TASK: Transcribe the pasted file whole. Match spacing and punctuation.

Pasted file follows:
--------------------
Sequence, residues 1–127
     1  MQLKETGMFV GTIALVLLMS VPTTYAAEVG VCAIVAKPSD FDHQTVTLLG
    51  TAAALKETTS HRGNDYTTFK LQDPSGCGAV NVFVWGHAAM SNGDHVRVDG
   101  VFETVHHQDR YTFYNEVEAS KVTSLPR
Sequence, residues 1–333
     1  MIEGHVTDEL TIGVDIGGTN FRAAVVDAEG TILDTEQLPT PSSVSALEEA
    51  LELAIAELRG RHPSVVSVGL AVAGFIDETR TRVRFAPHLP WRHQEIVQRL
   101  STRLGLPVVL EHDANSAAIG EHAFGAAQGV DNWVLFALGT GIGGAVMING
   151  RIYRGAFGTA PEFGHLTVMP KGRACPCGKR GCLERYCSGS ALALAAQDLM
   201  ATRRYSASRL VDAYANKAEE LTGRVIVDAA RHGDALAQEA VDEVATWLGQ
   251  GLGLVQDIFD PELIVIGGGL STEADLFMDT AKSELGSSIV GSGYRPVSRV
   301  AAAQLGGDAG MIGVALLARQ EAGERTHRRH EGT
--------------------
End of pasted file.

Sequence, residues 1–127
     1  MQLKETGMFV GTIALVLLMS VPTTYAAEVG VCAIVAKPSD FDHQTVTLLG
    51  TAAALKETTS HRGNDYTTFK LQDPSGCGAV NVFVWGHAAM SNGDHVRVDG
   101  VFETVHHQDR YTFYNEVEAS KVTSLPR
Sequence, residues 1–333
     1  MIEGHVTDEL TIGVDIGGTN FRAAVVDAEG TILDTEQLPT PSSVSALEEA
    51  LELAIAELRG RHPSVVSVGL AVAGFIDETR TRVRFAPHLP WRHQEIVQRL
   101  STRLGLPVVL EHDANSAAIG EHAFGAAQGV DNWVLFALGT GIGGAVMING
   151  RIYRGAFGTA PEFGHLTVMP KGRACPCGKR GCLERYCSGS ALALAAQDLM
   201  ATRRYSASRL VDAYANKAEE LTGRVIVDAA RHGDALAQEA VDEVATWLGQ
   251  GLGLVQDIFD PELIVIGGGL STEADLFMDT AKSELGSSIV GSGYRPVSRV
   301  AAAQLGGDAG MIGVALLARQ EAGERTHRRH EGT